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"Then He came to the disciples and found them sleeping, and said to Peter, "So, could you not keep watch with Me one hour? Watch and pray that you enter not into temptation. The spirit indeed is willing, but the flesh is weak" (Matt. 26:40-41, MEV).
Suppose we respond yes to Christ's call to wake up and pray with Him. What if, like the prophet Isaiah, we moved beyond prayer and worship and said yes to the Father's call, "Whom shall I send? And who will go for us?" (Is. 6:8). A short blog does not allow for exploring all the parallels with Isaiah's predicament. He was obviously not too thrilled with hearing how the people would respond. Their hearts will be calloused, their ears dull and their eyes closed. We might as well admit it—we are tempted to ask the prophet's question about our nation: "How long, LORD?"
We may not like God's answer to the "how long" question either, but try reading it while watching the evening news of fires, tornadoes, hurricanes, floods and earthquakes. "Until cities are devastated and without inhabitant, houses are without people, and the land is utterly desolate" (Is. 6:11). The people in Isaiah's time experienced the Assyrian and Babylonian invasions and captivity. The New Testament Jews experienced the Roman invasion, destruction of the temple, and the diaspora after 70 A.D. What could be on the horizon for us if we do not repent and turn back to the Lord?
The good news is God's people are never left without hope! The promise to Isaiah continues to bring us assurance from the Lord today: "And though a tenth remains in the land, it will again be laid waste. But as the terebinth and oak leave stumps when they are cut down, so the holy seed will be the stump in the land" (Is. 6:13). Yes, Cyrus later allowed a remnant to return and repopulate the nation in 583 B.C. Following the Roman occupation, another remnant reestablished the nation of Israel in 1948.
We know the Holy Seed, who was prophesied to bruise the head of the serpent (Gen. 3:15). We are His body—the body of Christ—in the world today. We may feel like we are only a remnant, but we have this assurance that still echoes from the lips of Jesus:
"Then Jesus came and spoke to them, saying, "All authority has been given to Me in heaven and on earth. Go therefore and make disciples of all nations, baptizing them in the name of the Father and of the Son and of the Holy Spirit, teaching them to observe all things I have commanded you. And remember, I am with you always, even to the end of the age" (Matt. 28:18–20).
"Look, I give you authority to trample on serpents and scorpions, and over all the power of the enemy. And nothing shall by any means hurt you" (Luke 10:19).
What lies ahead for us? Only the Father knows! How important is Jesus' appeal, "Could you not stay awake and pray with me one hour?" What are some of the assignments we've been given?
"Watch therefore, for you do not know what hour your Lord will come" (Matt. 24:42).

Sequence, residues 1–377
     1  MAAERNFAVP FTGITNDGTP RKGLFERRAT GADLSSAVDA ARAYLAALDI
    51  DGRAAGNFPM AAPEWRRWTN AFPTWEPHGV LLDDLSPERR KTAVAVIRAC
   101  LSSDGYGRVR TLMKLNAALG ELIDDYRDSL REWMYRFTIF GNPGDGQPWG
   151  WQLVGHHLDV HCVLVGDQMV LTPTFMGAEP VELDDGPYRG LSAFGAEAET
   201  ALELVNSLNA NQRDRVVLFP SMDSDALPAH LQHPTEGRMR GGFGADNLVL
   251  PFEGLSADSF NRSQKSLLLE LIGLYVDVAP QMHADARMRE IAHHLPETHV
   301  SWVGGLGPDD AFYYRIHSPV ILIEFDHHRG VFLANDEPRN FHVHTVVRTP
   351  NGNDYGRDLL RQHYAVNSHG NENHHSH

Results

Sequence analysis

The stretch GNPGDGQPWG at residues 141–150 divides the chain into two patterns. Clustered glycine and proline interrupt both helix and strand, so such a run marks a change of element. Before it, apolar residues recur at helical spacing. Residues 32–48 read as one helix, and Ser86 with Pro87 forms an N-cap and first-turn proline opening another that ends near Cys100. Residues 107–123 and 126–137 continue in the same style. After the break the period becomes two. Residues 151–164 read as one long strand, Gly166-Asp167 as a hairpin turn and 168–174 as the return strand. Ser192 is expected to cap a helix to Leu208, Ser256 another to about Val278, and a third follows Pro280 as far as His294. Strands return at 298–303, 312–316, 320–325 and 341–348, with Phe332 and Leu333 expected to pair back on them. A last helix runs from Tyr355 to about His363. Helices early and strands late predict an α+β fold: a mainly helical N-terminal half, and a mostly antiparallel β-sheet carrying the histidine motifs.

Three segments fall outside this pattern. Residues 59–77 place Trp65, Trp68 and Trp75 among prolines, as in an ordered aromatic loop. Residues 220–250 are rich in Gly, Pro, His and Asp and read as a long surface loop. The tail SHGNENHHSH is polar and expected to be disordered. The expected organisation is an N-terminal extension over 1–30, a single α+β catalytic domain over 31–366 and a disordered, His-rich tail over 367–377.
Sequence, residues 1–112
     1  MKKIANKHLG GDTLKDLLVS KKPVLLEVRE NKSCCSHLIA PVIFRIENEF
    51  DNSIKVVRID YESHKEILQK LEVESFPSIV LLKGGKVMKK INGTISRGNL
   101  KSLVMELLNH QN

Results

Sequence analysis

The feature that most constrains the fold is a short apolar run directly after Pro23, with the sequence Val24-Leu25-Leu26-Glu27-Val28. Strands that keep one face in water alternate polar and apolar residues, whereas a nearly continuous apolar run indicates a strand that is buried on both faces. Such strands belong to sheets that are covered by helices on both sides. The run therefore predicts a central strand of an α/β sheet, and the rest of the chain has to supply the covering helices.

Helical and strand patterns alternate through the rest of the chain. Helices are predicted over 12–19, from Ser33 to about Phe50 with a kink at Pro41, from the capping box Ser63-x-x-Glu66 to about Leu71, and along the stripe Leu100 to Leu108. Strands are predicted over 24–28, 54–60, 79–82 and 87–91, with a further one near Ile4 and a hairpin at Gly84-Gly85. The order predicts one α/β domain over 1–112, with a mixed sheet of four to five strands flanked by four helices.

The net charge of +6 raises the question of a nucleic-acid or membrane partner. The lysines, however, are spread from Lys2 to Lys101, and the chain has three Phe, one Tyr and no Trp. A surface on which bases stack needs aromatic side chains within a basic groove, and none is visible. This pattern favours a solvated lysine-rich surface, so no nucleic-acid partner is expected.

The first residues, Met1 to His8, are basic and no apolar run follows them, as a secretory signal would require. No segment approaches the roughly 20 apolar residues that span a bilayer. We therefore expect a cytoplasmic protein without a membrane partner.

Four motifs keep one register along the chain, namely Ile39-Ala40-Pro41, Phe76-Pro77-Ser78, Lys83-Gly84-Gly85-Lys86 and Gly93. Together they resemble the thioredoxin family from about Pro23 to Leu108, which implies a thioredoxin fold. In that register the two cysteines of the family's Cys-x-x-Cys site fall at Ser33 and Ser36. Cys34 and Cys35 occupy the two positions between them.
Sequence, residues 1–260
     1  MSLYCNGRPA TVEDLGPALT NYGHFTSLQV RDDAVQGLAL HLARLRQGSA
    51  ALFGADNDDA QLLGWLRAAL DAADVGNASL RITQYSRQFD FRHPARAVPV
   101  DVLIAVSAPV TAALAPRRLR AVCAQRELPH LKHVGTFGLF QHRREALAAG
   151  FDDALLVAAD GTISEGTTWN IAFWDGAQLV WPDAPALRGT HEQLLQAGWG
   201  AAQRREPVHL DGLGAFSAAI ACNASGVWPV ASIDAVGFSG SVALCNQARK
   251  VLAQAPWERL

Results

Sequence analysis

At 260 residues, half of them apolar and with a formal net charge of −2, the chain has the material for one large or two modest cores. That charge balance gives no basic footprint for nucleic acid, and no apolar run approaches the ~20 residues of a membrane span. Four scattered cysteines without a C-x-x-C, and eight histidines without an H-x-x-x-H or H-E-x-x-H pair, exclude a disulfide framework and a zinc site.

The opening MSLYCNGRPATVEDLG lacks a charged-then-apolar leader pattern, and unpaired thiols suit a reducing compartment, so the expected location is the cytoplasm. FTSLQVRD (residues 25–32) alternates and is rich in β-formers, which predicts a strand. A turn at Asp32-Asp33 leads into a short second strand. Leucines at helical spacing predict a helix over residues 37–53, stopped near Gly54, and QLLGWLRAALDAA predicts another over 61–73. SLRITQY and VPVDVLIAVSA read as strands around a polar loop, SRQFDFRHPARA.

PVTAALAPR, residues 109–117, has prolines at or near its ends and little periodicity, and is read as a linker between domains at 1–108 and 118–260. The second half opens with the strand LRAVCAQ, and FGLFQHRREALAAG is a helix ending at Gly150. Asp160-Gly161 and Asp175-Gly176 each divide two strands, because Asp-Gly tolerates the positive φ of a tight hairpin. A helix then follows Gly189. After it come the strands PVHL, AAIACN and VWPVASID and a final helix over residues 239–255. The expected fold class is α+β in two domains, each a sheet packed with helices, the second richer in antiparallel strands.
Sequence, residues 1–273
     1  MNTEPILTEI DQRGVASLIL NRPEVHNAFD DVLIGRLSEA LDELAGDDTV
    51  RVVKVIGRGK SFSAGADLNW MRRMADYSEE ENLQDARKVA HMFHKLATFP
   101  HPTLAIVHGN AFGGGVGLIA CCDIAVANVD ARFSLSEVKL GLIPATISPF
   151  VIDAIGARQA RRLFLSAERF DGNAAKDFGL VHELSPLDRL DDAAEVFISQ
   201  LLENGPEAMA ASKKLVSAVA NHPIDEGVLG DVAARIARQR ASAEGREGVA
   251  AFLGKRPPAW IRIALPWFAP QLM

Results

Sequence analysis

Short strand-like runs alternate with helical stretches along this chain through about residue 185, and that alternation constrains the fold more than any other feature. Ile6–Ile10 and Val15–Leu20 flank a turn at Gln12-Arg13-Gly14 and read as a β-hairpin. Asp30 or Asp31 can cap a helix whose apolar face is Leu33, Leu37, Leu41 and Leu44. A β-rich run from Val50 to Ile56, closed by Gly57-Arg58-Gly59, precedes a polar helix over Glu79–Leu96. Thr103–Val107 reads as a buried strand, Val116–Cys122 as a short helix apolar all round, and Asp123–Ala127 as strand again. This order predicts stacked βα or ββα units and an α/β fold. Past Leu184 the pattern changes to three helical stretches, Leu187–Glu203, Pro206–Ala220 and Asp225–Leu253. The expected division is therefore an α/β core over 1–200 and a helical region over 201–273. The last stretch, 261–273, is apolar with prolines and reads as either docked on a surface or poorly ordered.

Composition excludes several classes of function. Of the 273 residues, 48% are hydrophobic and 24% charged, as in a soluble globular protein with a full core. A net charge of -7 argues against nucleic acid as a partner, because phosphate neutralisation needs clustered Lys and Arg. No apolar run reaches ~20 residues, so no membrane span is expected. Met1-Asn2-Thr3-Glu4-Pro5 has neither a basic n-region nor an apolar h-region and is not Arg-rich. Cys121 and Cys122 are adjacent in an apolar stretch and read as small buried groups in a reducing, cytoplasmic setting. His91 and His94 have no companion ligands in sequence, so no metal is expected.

Take heed, watch and pray. For you do not know when the time will come (Mark 13:33).
"Pray in the Spirit always with all kinds of prayer and supplication. To that end be alert with all perseverance and supplication for all the saints" (Eph. 6:18).
"Rejoice always. Pray without ceasing. In everything give thanks, for this is the will of God in Christ Jesus concerning you" (1 Thess. 5:16–18).
The setting was not ideal in Isaiah's time nor was it appealing in the disciples' day. It isn't perfect now. The Garden of Gethsemane assignment is still the same. "Pray with me!"
The Greek word used in both Matthew and Luke's narrative (proseuchomai) embraces all that is included in the idea of prayer—thanks, asking, requesting, special things. The verb form basically means we are doing the action. It is not optional but an imperative command, and it involves continuous or repeated action. You keep praying and praying and praying! You keep asking and asking and asking! You keep knocking and knocking and if need be shoving open some doors at the Lord's directive and through the power of His Holy Spirit!
Our spirits are willing. Our flesh is weak. Our hearts' desire is to be obedient. We still question how long.
As His inner circle of friends and intercessors, we must not despair. The body of Christ is in one of its most vulnerable and difficult times. His nearest ones cannot afford to be asleep when His heart is grieved by the weight of the sins and rejection of the world.
We have one significant difference in our Gethsemane or pressing times. Jesus told His disciples to "sit here while I go and pray yonder," and He went deeper into the garden to wrestle with the enemy one final time before the cross. That victory is won! The enemy has been defeated. The powers and principalities of darkness have been put to an open shame. He has triumphed over death, hell and the grave. Jesus still tells us to stay here and pray while He goes yonder, but that yonder place is at the right hand of the throne of God where our risen and ascended Lord is ever interceding for us!
Kay Horner is the executive director for the Awakening America Alliance.
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